[30] Scope and manner. The searches are conducted on convicted prisoners in NSP's most restrictive unit, and are visual only, involving no touching. See Rickman v. Avaniti, 854 F.2d 327, slip op. at 9680 (9th Cir. 1988); contrast with Bonitz v. Fair, 804 F.2d 164, 172-73 (1st Cir. 1986) (contact body cavity searches of female inmates conducted by police officers, without medical personnel, in non-hygienic manner and in presence of male officers not reasonable). Visual body cavity searches conducted after contact visits as a means of preventing prisoners' possession of weapons and contraband, even absent probable cause, have been found reasonable by the Supreme Court. Bell v. Wolfish, 441 U.S. 520, 558-60, 60 L. Ed. 2d 447, 99 S. Ct. 1861 (1979). While the Court has not yet ruled on the constitutionality of routine searches such as are conducted in Unit Seven, we and other circuit courts have found them reasonable. In Rickman v. Avaniti, 854 F.2d 327, we approved strip searches that were conducted every time prisoners in administrative segregation left their cells for any purpose. As here, Rickman's custody status was the most restrictive available. Elevated security precautions are justified for prisoners placed in maximum security settings usually because of a history of maladaptive behavior within prison. See also Hay v. Waldron, 834 F.2d 481, 486 (5th Cir. 1987) (visual body cavity search each time an administrative segregation inmate enters or leaves his cell reasonable); Goff v. Nix, 803 F.2d 358, 364-65 (8th Cir. 1986) (strip searches and visual body cavity searches every time an inmate leaves the maximum security unit reasonable), cert. denied 484 U.S. 835, 108 S. Ct. 115, 98 L. Ed. 2d 73 (1987); Campbell v. Miller, 787 F.2d 217, 228 (7th Cir.) (routine visual body cavity searches before and after library visits reasonable), cert. denied 479 U.S. 1019, 107 S. Ct. 673, 93 L. Ed. 2d 724 (1986); Arruda v. Fair, 710 F.2d 886 (1st Cir. 1983) (upheld routine visual body cavity searches of maximum security inmates when leaving or returning from law library, infirmary, and visits).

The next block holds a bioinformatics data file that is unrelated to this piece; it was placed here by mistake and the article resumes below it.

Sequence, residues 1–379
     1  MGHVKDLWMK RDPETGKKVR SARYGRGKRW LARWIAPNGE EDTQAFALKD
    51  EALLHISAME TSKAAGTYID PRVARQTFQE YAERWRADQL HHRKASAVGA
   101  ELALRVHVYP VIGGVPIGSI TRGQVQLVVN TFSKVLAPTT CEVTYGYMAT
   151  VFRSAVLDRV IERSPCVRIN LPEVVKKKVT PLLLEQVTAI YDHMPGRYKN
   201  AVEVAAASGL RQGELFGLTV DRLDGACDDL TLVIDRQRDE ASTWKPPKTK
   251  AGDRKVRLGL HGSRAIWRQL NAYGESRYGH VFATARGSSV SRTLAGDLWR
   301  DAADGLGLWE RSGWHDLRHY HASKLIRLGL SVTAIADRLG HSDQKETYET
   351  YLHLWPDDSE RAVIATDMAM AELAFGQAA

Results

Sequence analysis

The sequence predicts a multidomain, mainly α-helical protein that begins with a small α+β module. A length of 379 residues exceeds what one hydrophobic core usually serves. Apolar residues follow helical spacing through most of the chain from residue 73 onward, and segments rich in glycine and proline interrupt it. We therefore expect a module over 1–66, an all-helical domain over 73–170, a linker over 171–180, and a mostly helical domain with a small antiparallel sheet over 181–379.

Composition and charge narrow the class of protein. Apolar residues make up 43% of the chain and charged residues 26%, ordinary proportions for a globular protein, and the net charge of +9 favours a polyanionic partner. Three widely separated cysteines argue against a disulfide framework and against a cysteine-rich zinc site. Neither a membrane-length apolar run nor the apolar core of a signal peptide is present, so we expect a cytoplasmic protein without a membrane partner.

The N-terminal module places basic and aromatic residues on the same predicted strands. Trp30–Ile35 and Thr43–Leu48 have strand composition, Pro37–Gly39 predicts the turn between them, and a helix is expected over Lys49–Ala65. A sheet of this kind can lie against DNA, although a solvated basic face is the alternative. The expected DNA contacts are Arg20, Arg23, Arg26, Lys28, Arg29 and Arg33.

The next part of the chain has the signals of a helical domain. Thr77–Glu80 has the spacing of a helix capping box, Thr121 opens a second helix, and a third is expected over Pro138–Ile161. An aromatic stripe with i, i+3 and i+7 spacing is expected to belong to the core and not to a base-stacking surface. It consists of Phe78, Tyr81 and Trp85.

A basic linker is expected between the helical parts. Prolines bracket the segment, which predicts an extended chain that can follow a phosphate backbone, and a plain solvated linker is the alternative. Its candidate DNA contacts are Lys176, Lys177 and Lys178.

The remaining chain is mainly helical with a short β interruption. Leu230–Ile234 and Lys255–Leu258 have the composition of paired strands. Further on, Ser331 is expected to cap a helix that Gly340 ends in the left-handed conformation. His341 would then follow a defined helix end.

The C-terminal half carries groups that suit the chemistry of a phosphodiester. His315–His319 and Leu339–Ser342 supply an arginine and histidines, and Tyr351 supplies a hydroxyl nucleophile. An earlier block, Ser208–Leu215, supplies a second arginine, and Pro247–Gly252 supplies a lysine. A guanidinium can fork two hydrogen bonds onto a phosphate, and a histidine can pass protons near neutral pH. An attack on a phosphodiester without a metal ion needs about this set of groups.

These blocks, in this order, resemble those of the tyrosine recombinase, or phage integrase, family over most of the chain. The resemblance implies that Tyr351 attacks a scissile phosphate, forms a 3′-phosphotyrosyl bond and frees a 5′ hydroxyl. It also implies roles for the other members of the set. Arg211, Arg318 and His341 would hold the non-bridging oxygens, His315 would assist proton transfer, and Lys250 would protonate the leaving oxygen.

[31] The frequency of strip searches in Unit Seven appears, from this record, to be very high. Prisoners are searched both coming and leaving their cells, even when traveling only within the unit while under escort and in chains at all times. However, so long as a prisoner is presented with the opportunity to obtain contraband or a weapon while outside of his cell, a visual strip search has a legitimate penological purpose. Turner v. Safley, 107 S. Ct. at 2261. Michenfelder, who bears the burden of showing NSP officials intentionally used exaggerated or excessive means to enforce security, see Soto v. Dickey, 744 F.2d 1260, 1271 (7th Cir. 1984); Bell v. Wolfish, 441 U.S. at 561-62, has failed to demonstrate that the searches at issue here were conducted in the absence of such opportunities.

[32] Justification. The fact that Unit 7 houses the state's most difficult prisoners gives rise to a legitimate governmental security interest in procedures that might be unreasonable elsewhere. In addition, testimony and physical evidence before the district court substantiated several incidents in which contraband and homemade weapons were confiscated from Unit Seven inmates. Though Shift Lieutenant Koon testified that no strip search in Unit Seven had produced a hidden weapon, he also testified that the policy was "the only thing that has prevented that from happening."

[33] Place. Michenfelder argues that strip searches should be conducted within the privacy of prisoners' cells rather than out in the hallway, and says the practice's irrationality is highlighted by the fact that visual strip searches in other units -- and sometimes within Unit Seven -- are still conducted through closed cell doors. The district court was persuaded by the State's position that officers are placed at a "dangerous disadvantage" when required to conduct the search through the solid cell door or enter a cell to enforce compliance, and that alternative sites are unavailable outside the cells that were more private than the hallway. Michenfelder, 624 F. Supp. at 460.

[34] Michenfelder's argument is not meritless. In Rickman the fact that visual strip searches are conducted in the inmate's cell was a factor in determining their reasonableness. 854 F.2d 327, [slip op. at 9681]. However, Turner v. Safley's fourth factor -- the presence or absence of ready alternatives -- must be considered here. It is unfortunate that Unit Seven's layout appears to present only two alternative locations -- the hallway or the prisoner's cell. NSP guards testified that conducting searches through the food slot in the cell's solid door was problematic. While we encourage NSP to opt for less public searches when security considerations allow, we will not question its judgment that conditions in Unit Seven reasonably require searches outside the prisoners' cells in order to protect the safety of the officers conducting them. Furthermore, the third Turner v. Safley factor -- impact on prison personnel and the allocation of prison resources generally, 107 S. Ct. at 2262 -- also bears consideration. The magistrate considered evidence that conducting searches in cells would require additional officers, as would transporting inmates to less public locations elsewhere in the prison. Remodeling the facility to prevent other inmates from observing the searches through their cell doors could also be costly.